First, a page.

During one of the warmest, most expansive months of my pregnancy with Ranger, I found myself in Oakbrook, IL- home of a great REI store. When I walked into the store I only needed a watch with lap timers for swimming, but I desperately wanted to buy something exuding family fitness. Just a couple days before I had been diagnosed with insulin-dependent gestational diabetes, and I wanted to prove that I was actually more concerned about my health than the little bottle of insulin in my hotel room seemed to suggest. In retrospect, my motives were completely silly but, in all honesty, buying this specific piece of gear did make me feel better.
REI is a great place to test a backpack carrier. They have a stuffed bear in the child carriers area that is weighted to match a small infant. Definitely test babypacks with the bear in them. It's a very different feel from an empty pack. Sure, the bear is sometimes off-balance, but this is realistic as your child will at times work to be off-balance as well.
We bought a Kelty Pathfinder (for aroung $200), and it's a great carrier for older infants and toddlers. I'd definitely categorize this type of high-end pack as luxury gear rather than necessary gear. Maybe it's the hellish heat and West Nile mosquitoes of Southern Indiana talking, but we tend to use this more when traveling than at home. That doesn't prevent the carrier from getting a lot of use. Quite a few of our friends (pictured here- nope, that's not us!) have been stomping around in the woods with them on hikes or letterboxing adventures.
[I say them because I got incredibly lucky and scored a well-maintained Kelty Tour (a lighter and cooler variation on the Pathfinder with mesh panels against your back and no chest strap) for $35 at a great consignment sale.]
For a lot of families, this would be a good item to borrow from friends/lend to friends unless you'll be using it every weekend. This summer our packs have kept up with the schedules of two pretty active families in addition to our own, less motivated, schedule.
This type of frame backpack carrier requires an infant with ample experience sitting up unsupported and holding up their head despite jangling. We put Ranger in shortly after he could sit and hold his head up and the spring of our steps bounced his head in ways that looked uncomfortable and made him cry. When we tried again a few weeks later, he loved the bounce and the perspective.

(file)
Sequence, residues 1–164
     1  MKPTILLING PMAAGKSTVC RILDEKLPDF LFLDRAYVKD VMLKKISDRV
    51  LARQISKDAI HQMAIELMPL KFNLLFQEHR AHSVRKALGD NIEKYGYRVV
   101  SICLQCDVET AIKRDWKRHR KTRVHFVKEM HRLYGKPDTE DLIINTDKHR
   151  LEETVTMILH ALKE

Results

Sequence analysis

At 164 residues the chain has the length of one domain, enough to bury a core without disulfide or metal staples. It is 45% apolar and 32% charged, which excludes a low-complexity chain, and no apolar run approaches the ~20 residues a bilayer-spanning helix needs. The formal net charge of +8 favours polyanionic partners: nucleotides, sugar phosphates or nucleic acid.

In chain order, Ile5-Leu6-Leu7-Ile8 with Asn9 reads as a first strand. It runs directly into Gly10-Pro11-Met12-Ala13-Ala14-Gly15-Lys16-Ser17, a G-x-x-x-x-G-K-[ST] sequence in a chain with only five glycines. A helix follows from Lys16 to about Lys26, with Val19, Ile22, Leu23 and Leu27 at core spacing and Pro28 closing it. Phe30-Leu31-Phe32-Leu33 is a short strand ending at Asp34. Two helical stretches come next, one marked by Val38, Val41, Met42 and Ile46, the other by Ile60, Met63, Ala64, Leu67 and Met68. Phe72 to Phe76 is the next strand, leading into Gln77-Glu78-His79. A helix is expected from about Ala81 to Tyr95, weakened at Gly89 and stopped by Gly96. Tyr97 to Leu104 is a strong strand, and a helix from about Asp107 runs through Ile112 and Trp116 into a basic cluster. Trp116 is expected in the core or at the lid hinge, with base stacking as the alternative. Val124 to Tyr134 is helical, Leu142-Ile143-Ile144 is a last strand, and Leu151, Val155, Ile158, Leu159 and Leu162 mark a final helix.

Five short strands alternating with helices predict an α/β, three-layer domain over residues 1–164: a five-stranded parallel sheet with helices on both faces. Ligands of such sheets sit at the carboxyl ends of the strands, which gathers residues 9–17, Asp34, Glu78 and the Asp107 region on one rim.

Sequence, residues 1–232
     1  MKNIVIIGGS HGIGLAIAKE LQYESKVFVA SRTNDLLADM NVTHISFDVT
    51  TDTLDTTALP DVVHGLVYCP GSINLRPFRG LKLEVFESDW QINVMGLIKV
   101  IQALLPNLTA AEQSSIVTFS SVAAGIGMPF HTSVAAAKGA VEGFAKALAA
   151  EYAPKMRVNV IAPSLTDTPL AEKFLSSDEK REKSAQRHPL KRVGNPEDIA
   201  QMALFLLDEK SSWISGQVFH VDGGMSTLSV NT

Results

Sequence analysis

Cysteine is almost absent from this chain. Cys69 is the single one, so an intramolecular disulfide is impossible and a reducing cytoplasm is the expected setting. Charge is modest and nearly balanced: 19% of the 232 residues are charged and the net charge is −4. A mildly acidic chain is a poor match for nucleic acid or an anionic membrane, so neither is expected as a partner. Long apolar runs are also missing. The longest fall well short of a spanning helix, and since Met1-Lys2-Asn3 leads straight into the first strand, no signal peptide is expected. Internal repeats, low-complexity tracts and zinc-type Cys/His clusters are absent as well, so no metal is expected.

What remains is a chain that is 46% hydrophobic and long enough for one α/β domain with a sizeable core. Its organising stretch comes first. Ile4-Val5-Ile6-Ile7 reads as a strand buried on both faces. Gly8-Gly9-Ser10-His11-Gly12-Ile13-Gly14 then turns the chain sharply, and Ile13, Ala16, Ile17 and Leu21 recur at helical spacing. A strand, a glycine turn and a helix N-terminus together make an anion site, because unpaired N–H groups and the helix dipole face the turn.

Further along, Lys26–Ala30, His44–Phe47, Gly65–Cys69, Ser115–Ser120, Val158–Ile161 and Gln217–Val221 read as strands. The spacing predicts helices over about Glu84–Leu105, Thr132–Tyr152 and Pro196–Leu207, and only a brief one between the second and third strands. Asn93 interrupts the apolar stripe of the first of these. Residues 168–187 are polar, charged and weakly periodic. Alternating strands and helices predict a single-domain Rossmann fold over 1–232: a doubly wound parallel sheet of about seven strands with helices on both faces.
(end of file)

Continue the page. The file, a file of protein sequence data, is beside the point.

In ideal weather, the Pathfinder is my favorite pack. Its chest strap makes for a fabulous fit for the long haul. But the weather isn't often ideal here, and that's where the Tour model comes in handy. The ventilated back panel is a great feature on hot, humid days.
The real "I love this gear" epiphany moment for Jim was at the West Side Nut Club Fall Festival (think German Octoberfest). The festival, at one time was hailed as the second largest free, outdoor, food festival (after Mardi Gras). While this festival occupies a geographically large area, it's crazily congested with people from lunchtime on. At night, it can be impossible to traverse with a stroller. The few people who bring strollers usually end up carrying their kids while their companions push the strollers because the kids either freak out at being completely walled in or the kids get banged into so often you wish your stroller was armored.
A lot of parents use front carriers at the festival. This works really well for small, sleepy infants, but can be backbreaking when they're over 15 pounds and still keeps the baby's view pretty limited to body parts (yours if facing in and everyone else's if facing out). These views, coupled with noise, lines, and the distinctive smells of sauerkraut or funnel cakes, don't make for happy little travelers.
So there we were, strolling along with Ranger perched comfortably high on Jim's back. No one's hands were occupied with baby nor gear (there's a diaperbag backpack on the Pathfinder for supplies). We were streamlined, so we could move casually through crowded places. We could get out our wallets to pay. We could carry food.
But, it wasn't the sheer convenience of the pack that sold Jim fully, it was the envious looks of all the other dads carrying kids (with or without frontpacks) as their stroller prevented them from moving more than one or two feet in any direction without having to ask someone to let them through. In parent world, this type of pack is definitely trophy gear. It was fun watching parents point out the backpack to each other. And I think Ranger loved the attention too. He was effervescent as we walked around the festival well past his bedtime (though that may have been the lemon shake-ups).
The Kelty's have a surprisingly long period of use with youngsters and they are made to last. The packs can hold a child up to 40 pounds (which is a still few pounds lighter than Jim's college packpack).
*Baby Toolkit is the independent opinion of Jim and Adrienne Jones at babytoolkit.blogspot.com. We have received no materials or compensation of any kind from Kelty KIDS or their affiliates. We just love to write about baby gear.